3. Screening and testing: Offering STI screening and testing, as well as cervical cancer screening for eligible clients.
4. Preconception care: Providing counseling and interventions to help women achieve optimal health before becoming pregnant, including folic acid supplementation, management of chronic conditions, and avoidance of harmful substances (tobacco, alcohol, drugs).
5. Fertility services: Addressing infertility issues through diagnostic testing, counseling, and medical or surgical treatments when appropriate.
6. Menstrual regulation: Providing manual vacuum aspiration or medication to safely and effectively manage incomplete miscarriages or unwanted pregnancies within the first trimester.
7. Pregnancy options counseling: Offering unbiased information and support to help individuals make informed decisions about their pregnancy, including parenting, adoption, or abortion.
8. Community outreach and education: Engaging in community-based initiatives to increase awareness of family planning services and promote reproductive health.
9. Advocacy: Working to remove barriers to accessing family planning services, such as policy changes, reducing stigma, and increasing funding for programs.

Family planning services are an essential component of sexual and reproductive healthcare and contribute significantly to improving maternal and child health outcomes, reducing unintended pregnancies, and empowering individuals to make informed choices about their reproductive lives.

Food labeling is the practice of providing written information about the characteristics and contents of food products, typically on the packaging or container in which they are sold. In a medical context, accurate and clear food labeling is essential for individuals with dietary restrictions due to medical conditions such as food allergies, intolerances, or chronic diseases (e.g., diabetes).

Standardized food labeling guidelines help consumers make informed decisions about the foods they consume, allowing them to avoid potential health risks and maintain a balanced diet. Components of food labels often include:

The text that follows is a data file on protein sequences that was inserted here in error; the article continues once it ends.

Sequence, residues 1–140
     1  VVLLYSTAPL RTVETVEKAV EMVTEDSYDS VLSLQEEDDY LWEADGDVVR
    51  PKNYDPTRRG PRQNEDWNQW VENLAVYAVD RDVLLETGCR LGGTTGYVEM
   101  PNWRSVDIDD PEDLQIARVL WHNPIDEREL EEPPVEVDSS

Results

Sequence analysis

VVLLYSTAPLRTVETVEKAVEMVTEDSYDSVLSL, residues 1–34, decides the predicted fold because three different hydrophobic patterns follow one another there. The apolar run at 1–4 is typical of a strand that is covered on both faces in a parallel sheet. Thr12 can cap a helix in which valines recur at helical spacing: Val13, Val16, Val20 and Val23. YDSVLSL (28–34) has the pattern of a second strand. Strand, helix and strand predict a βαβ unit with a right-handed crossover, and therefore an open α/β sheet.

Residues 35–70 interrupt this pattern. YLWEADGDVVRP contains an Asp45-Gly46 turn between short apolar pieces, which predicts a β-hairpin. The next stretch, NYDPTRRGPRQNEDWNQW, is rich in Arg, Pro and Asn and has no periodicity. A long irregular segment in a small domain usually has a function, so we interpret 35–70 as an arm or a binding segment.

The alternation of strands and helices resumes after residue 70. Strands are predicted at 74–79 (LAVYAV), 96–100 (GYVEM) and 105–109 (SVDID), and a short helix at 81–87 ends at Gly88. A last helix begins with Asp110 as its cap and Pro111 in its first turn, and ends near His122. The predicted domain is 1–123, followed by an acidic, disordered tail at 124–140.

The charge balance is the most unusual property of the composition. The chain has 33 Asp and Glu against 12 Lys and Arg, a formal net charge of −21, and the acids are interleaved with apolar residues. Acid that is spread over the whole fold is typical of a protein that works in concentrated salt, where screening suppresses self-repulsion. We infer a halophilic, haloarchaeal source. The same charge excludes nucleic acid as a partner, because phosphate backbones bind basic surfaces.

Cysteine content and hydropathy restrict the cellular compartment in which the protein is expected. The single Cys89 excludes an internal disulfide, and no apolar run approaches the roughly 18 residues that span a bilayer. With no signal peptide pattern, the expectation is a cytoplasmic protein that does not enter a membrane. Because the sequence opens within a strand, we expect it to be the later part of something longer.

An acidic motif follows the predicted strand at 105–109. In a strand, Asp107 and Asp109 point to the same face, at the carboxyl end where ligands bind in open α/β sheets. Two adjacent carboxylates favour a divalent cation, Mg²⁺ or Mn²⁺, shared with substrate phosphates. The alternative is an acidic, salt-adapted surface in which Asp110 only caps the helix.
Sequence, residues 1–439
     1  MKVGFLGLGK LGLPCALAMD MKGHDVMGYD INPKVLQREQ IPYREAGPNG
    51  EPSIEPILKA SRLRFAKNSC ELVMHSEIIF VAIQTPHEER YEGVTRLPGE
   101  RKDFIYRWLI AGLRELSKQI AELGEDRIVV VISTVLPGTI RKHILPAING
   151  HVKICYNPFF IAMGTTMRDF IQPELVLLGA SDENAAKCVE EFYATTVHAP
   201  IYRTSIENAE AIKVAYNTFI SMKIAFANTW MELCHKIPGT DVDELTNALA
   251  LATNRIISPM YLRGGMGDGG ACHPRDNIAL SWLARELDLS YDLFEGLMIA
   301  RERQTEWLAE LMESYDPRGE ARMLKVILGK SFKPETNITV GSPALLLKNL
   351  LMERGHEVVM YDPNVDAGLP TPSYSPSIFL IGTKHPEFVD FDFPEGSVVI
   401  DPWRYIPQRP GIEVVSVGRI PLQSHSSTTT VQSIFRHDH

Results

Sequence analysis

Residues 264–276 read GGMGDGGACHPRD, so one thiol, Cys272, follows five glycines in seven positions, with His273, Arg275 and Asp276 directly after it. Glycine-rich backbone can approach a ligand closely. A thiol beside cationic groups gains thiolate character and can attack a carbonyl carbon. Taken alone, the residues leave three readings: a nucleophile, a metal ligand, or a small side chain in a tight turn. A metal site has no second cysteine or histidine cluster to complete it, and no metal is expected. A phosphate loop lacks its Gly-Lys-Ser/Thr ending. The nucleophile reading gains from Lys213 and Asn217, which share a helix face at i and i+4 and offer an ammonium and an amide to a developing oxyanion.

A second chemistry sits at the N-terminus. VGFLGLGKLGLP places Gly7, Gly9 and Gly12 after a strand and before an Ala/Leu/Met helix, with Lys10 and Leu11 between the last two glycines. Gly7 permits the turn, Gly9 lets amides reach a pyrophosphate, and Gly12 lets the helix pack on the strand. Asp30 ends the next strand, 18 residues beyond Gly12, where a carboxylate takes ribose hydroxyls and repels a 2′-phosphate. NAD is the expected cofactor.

1. Product identity: The name of the food product and its intended use.
2. Net quantity declaration: The amount of the food product contained in the package, expressed in both metric and customary units (e.g., grams or ounces).
3. Ingredient list: A comprehensive list of all ingredients included in the food product, arranged in descending order by weight. This is particularly important for individuals with food allergies or intolerances, as it allows them to identify and avoid specific allergens (e.g., milk, eggs, peanuts).
4. Nutrition facts panel: A standardized format presenting the nutritional content of the food product per serving, including information on calories, total fat, saturated and trans fats, cholesterol, sodium, total carbohydrates, dietary fiber, sugars, protein, and various vitamins and minerals.
5. Nutrient content claims: Voluntary statements made by manufacturers regarding the level of a nutrient in a food product (e.g., "low fat," "high fiber"). These claims must adhere to strict guidelines established by regulatory bodies to ensure accuracy and consistency.
6. Health claims: Statements linking a specific food or food component to a reduced risk of a particular disease or health-related condition (e.g., "a diet rich in whole grains may reduce the risk of heart disease"). Like nutrient content claims, health claims are subject to strict regulatory oversight.